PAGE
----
I'm always really happy with the paintings I do from life, whether outside the studio, or in it. There is a freshness there and a pleasing simplicity that I find lacking in these paintings that take me hours and hours and are so carefully thought out.

Working from photos rarely produces something I am happy with, with perhaps the odd exception, like the two seascapes of my first post on here.

One coming post will be about my 3 colour system. This is something I have developed myself, although I got the idea from another artist (whose name I have long forgotten). Maybe I need the discipline of only three colours, and mixing everything--this would really train my eye. I have already limited my palette from the old days, and the 5-6 paintings I have done in 3 colours have all turned out pretty good. But maybe that is also because I have painted them from life as well.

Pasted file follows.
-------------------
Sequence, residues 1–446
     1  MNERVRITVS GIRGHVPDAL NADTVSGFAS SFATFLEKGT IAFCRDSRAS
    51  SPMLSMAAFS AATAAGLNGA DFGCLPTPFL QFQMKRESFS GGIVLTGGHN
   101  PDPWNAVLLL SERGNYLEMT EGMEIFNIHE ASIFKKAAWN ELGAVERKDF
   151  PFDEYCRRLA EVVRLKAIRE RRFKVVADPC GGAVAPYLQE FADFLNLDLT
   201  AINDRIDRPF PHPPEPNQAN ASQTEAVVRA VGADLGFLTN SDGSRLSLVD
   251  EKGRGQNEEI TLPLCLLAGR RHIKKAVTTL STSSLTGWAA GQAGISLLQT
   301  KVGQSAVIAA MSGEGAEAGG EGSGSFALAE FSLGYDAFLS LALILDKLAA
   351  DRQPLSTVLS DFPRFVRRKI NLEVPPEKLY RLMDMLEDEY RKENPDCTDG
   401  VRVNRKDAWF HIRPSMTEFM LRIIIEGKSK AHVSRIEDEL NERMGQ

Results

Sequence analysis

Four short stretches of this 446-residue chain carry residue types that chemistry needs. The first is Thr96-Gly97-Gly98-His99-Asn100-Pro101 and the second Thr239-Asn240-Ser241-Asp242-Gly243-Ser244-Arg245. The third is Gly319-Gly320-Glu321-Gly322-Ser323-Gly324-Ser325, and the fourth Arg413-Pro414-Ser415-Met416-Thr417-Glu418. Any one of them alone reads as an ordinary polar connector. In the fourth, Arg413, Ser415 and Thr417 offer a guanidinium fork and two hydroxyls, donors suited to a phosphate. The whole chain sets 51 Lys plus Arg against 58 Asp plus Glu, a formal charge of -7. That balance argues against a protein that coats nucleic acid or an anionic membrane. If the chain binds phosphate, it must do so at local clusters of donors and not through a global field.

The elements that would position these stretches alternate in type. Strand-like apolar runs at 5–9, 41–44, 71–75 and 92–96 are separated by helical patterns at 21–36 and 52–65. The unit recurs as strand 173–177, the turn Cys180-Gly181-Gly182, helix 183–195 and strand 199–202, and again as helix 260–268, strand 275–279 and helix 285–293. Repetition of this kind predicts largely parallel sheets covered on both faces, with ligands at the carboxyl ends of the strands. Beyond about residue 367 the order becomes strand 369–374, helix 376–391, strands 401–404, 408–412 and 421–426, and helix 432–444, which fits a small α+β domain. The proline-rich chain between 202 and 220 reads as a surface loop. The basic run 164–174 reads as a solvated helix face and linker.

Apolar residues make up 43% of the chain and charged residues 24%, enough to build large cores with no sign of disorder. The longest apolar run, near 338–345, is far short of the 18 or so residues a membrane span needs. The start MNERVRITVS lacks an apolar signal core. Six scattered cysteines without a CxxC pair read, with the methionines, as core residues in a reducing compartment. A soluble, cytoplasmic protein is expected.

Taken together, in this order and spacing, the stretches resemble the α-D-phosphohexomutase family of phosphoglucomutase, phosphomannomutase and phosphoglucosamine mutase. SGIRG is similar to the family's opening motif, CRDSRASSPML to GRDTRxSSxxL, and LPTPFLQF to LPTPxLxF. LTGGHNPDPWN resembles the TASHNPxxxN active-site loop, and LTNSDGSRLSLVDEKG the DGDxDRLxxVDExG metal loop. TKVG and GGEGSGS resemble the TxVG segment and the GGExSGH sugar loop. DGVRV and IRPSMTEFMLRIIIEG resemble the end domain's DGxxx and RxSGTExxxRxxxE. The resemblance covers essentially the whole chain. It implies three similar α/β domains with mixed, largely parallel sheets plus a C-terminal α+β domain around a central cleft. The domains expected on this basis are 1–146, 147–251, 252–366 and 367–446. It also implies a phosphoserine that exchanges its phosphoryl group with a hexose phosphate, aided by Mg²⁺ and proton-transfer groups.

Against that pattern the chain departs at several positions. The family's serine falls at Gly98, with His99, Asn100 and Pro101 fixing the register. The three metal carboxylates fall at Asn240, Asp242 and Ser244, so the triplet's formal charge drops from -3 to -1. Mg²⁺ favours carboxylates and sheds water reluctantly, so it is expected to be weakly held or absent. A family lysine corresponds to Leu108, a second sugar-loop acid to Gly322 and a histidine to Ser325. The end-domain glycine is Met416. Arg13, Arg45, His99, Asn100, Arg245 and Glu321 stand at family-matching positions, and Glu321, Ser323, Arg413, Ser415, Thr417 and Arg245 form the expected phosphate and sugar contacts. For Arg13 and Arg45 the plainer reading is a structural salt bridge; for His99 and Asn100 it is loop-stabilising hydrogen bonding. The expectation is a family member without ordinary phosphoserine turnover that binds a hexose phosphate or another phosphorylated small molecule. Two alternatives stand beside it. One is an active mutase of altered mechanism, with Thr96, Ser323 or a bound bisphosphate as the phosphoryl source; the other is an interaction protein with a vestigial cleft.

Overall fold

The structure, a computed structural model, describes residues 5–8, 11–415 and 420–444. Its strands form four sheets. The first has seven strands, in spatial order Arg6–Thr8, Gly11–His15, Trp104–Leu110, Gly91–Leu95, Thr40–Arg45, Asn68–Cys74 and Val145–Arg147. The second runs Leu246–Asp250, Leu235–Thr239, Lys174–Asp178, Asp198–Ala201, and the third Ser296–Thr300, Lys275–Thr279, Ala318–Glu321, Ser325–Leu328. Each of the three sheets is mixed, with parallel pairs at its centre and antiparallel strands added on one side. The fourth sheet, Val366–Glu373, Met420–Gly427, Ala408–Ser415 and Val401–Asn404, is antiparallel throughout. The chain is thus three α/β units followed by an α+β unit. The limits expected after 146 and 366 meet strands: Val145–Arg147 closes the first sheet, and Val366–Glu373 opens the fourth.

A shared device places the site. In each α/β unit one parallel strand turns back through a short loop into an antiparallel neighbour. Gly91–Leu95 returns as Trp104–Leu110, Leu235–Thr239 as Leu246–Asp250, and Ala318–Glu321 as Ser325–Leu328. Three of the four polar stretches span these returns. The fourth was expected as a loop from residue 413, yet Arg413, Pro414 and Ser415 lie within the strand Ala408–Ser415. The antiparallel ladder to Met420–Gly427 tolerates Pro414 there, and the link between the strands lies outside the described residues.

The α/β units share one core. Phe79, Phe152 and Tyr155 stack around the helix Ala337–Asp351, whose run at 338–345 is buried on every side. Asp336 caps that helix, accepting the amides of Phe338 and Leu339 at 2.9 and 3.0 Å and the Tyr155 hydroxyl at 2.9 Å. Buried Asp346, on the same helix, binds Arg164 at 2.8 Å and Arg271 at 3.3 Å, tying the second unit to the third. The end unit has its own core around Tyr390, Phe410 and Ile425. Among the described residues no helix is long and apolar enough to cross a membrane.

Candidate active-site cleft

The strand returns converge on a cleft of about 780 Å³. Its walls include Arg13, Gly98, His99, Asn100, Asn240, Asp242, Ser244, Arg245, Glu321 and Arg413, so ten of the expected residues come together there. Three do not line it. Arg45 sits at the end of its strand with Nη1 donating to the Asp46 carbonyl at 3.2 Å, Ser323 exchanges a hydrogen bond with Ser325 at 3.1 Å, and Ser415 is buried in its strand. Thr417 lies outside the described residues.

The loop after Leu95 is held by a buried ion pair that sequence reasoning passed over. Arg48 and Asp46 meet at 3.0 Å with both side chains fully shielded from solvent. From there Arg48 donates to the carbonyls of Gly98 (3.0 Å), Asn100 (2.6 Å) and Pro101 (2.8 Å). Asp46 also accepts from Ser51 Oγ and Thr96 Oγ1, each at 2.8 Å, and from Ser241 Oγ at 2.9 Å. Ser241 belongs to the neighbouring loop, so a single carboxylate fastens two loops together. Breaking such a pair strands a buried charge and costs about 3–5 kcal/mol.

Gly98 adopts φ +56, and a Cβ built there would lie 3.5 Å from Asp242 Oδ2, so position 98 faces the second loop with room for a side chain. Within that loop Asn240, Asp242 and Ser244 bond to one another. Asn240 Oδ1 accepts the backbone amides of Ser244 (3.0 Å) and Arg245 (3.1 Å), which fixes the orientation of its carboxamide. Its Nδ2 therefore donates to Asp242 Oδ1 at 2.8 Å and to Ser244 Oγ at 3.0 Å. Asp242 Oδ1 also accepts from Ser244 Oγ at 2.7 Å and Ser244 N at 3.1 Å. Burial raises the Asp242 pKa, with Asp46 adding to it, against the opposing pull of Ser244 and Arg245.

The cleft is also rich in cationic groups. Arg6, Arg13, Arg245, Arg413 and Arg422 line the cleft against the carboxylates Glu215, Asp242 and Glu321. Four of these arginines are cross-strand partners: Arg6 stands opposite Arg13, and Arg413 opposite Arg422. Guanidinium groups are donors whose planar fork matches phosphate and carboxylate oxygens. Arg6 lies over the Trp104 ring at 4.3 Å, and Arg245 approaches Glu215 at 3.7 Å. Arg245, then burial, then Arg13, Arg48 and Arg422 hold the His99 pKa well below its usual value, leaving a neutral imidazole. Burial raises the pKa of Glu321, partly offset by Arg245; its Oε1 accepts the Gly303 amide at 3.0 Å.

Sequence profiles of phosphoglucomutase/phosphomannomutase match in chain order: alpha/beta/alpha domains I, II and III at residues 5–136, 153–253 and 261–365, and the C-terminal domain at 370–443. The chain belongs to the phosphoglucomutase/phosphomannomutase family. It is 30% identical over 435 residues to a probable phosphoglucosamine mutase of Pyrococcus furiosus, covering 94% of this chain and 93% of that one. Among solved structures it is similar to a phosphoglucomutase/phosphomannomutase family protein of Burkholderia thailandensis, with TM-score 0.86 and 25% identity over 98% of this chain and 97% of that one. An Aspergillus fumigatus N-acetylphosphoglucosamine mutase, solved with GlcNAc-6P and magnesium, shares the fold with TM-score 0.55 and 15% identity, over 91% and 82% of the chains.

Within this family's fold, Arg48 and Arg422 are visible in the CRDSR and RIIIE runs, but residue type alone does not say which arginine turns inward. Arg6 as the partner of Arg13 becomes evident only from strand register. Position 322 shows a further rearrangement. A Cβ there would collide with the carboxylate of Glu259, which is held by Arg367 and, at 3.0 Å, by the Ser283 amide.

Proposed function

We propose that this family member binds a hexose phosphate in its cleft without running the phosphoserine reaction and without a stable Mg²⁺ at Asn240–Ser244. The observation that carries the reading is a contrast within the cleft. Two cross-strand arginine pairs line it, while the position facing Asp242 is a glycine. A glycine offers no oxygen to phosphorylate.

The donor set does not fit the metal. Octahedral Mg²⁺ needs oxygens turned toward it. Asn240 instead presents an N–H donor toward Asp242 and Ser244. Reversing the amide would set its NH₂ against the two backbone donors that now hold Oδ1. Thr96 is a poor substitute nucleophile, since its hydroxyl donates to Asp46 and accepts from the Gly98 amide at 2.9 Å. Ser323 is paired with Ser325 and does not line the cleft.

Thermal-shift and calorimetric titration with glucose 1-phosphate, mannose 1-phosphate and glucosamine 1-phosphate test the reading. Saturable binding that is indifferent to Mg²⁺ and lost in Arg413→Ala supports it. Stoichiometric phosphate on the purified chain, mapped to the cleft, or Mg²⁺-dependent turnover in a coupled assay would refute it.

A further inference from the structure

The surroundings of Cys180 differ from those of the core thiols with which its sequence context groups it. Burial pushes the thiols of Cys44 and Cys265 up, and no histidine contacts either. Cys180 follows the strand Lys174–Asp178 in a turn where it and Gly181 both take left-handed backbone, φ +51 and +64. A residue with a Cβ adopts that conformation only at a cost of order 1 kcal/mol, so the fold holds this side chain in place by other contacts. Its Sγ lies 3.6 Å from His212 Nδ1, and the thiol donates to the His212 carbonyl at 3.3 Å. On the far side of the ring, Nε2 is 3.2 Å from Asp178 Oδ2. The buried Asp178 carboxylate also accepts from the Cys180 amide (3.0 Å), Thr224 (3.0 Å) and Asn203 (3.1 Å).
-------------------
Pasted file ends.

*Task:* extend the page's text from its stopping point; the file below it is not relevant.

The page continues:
I despair, and I need the oxygen of hope in my own work. I can't go back to the good old days when any time I touched the brush it was magic. There as a series of painting I did in the mid-nineties that have an unreproducible paint quality and overall delicacy and freshness (like "Big Sky--Duck Range"; subject for a coming post). I hope these days will come again, and that I will to continue to innovate....




Well, I am not really that happy with this Blogger template, even after my mods to it, but it will have to do for now. I am pretty tired still from yesterday, having ridden my bicycle 80 km in 2.5 hours in cold/ windy/ humid/ hilly conditions.

But I just recieved a freindly email from a sculptor/ carver I hugely like, and I had to let you know about his photos posted on my work website. I was looking at his photos again today, having just gotten the captions coded in. I'm the webmaster at my day job, too.